The chorus posed for this picture after singing a divine liturgy at the Ukrainian Catholic church in Munich. Afterwards the chorus sang a memorial service for two of its members, Omelan Helbig and Makar Sushko,who had passed away in the United States and Canada, respectively, while the chorus was on tour in Europe.
UBC members pose for a picture in front of a Regensburg post before its concert. Regensburg was home to the chorus in 1948-1949.
THE UKRAINIAN WEEKL Y
SUNDAY, NOVEMBER 16, 2003
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(Continued from page 1) contribution would help entice other donations. “Dear boys and girls, when you go home tell your parents: ‘Open up and make a tax-exempt donation to the foundation.’ ” Although it was not announced during the assembly, Mr. Lozynskyj said he personally made a donation of $100,000 to the foundation. It was reported in early June that, in response to news that the two schools were facing serious financial difficulties, an independent charitable foundation was formed in order to lend support to both St. George School and St. George Academy. The foundation, a not-for-profit corporation, is based in New York City and is a tax-exempt, 501 (c) (3) organization. According to the foundation’s certificate of incorporation, the organization’s board of directors is composed of Bishop Basil Losten, the Rev. Sandrick, Oksana Bodnar, Myra Kovalchick, Peter Shyshka, Sister Chrysostom Lukiw, Mr. Lozynskyj, Marta Kostyk and the Rev. John Terlecky. That document also stated that the corporation is “organized exclusively for charitable, religious, educational and scientific purposes, including, for such purposes, the making of distributions to organizations that qualify as [tax] exempt.” In this case, officials at the foundation have said that the beneficiary of their funding will be the two Ukrainian Catholic schools. The Rev. Sandrick estimated the annual cost of running both schools at $1 million and said that the goal of an endowment composed of $3 million to $5 million would cover the school’s annual costs and go toward improvements. According to the foundation’s certificate of incorporation, the organization was created to “solicit, collect and otherwise raise money to support St. George Elementary School and St. George Academy.” The foundation is a separate entity and has no authority over either St. George Academy or St. George School. The document states that “nothing herein shall authorize the corporation [St. George Ukrainian Catholic Schools Foundation] to operate or maintain a nursery school, elementary school or secondary school. Nothing herein shall authorize the corporation to operate or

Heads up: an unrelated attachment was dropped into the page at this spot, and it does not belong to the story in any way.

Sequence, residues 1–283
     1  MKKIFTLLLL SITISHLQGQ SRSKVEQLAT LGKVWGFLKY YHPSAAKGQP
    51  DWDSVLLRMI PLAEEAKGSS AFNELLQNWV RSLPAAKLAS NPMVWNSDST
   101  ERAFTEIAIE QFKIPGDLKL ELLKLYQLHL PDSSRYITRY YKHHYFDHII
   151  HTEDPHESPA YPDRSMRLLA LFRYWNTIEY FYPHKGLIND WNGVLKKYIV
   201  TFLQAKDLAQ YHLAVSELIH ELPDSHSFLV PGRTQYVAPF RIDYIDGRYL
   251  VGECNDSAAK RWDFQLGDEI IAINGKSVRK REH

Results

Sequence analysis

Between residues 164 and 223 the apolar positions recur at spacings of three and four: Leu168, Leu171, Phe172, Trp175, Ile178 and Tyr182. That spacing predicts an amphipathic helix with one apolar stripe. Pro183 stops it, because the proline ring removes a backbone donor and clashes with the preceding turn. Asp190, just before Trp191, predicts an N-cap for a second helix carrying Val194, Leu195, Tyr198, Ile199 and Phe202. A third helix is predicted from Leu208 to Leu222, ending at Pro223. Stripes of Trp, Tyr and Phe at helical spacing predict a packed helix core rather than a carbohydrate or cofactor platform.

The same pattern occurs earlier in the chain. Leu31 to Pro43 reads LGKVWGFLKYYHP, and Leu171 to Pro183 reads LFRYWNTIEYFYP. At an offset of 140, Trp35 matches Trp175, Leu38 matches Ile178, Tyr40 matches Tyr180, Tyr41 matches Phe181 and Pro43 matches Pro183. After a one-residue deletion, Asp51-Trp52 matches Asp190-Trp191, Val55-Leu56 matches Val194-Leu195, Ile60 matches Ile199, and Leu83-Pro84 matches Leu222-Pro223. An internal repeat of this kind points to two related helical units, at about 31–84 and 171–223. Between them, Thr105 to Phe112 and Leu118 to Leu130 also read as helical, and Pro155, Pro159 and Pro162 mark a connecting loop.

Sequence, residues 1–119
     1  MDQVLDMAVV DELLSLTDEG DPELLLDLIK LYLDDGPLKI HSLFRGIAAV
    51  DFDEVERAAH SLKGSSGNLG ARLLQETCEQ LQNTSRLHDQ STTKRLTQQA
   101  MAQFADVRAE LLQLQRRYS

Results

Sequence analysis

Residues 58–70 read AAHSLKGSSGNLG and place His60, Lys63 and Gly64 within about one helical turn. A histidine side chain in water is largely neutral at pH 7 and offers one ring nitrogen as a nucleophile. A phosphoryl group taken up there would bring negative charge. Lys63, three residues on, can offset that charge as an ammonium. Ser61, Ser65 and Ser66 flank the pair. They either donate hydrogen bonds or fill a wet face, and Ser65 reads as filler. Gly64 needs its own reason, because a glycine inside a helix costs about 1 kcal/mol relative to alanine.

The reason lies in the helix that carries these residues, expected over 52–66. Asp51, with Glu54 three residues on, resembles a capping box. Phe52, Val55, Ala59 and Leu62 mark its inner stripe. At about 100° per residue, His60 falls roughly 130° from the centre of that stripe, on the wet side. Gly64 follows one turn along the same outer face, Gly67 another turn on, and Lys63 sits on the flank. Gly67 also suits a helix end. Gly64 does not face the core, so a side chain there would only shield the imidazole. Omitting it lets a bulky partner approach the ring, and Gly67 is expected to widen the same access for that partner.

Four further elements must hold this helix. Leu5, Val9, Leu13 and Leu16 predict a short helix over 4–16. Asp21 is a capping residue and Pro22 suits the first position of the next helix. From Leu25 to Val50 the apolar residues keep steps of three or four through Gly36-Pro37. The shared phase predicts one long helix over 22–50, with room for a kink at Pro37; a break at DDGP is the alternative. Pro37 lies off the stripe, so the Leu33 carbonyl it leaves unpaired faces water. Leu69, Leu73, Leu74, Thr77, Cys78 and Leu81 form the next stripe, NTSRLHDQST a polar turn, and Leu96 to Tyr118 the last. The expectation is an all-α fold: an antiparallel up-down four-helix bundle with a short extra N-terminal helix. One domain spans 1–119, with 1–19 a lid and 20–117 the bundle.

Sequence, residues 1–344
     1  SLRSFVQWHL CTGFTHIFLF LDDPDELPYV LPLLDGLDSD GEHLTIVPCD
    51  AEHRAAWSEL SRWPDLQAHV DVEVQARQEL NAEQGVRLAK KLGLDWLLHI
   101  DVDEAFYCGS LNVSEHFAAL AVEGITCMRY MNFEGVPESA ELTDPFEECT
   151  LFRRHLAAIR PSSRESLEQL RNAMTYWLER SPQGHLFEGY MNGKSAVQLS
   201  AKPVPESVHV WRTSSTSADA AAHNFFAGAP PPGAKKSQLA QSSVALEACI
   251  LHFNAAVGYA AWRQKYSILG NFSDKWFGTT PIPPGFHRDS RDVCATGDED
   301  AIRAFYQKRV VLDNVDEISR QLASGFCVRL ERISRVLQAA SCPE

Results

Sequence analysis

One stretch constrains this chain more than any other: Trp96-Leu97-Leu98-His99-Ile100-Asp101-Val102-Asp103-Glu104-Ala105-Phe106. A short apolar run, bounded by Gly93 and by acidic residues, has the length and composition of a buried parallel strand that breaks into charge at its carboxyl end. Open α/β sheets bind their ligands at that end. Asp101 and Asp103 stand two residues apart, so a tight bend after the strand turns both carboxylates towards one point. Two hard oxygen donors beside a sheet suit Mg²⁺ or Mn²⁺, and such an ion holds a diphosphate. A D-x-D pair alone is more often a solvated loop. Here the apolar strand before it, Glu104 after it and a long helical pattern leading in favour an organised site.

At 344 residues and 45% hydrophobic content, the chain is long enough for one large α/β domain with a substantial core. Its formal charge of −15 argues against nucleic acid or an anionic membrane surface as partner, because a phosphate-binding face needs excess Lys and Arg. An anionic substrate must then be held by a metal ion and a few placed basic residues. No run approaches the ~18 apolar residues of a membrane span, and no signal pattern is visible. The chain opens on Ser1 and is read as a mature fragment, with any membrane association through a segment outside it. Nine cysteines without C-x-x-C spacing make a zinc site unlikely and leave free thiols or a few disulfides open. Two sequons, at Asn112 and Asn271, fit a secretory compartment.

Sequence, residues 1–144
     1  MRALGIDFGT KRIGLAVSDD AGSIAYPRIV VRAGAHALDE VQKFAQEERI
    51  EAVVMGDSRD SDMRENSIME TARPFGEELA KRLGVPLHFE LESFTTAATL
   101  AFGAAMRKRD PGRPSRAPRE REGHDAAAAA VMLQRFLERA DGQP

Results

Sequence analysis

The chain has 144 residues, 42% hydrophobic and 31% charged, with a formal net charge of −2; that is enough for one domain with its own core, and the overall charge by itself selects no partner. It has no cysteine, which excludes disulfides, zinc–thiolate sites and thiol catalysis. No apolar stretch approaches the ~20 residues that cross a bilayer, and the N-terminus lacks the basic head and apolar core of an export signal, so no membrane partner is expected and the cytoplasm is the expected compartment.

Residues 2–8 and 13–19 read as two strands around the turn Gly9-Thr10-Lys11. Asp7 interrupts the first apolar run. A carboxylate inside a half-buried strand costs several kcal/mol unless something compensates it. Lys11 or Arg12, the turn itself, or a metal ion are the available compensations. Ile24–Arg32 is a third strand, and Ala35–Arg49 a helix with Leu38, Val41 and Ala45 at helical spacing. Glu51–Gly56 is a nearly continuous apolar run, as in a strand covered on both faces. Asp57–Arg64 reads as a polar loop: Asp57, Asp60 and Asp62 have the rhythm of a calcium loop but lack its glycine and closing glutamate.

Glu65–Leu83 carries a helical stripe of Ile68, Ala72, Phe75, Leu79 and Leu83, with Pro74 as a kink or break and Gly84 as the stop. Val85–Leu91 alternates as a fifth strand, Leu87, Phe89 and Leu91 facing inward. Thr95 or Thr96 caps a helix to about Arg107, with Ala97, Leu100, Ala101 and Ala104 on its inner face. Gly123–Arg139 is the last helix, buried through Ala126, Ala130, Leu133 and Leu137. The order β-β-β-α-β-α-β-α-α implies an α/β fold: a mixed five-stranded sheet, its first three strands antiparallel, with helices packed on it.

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(Continued from page 7) Silence: The Response of the Western Press Corps in Moscow to the Ukraine Famine in 1932-1933” by Susan J. Taylor; (author of the highly acclaimed biography of Walter Duranty titled “Stalin’s Apologist”) and “Famine, International Law and Human Rights: A Statement on the 1990 Report of the International Commission of Inquiry into the 1932-1933 Famine in Ukraine” by John P. Humphrey. The price of the book is $20 (Canadian funds within Canada; $20 U.S. outside of Canada), plus shipping and handling. Orders may be placed by phone, (416) 966-1819); fax, (416) 9661820); e-mail, email@example.com; or mail, UCRDC, 620 Spadina Ave., Toronto, ON M5S 2H4, Canada. Payment is accepted only in cash, check or money order.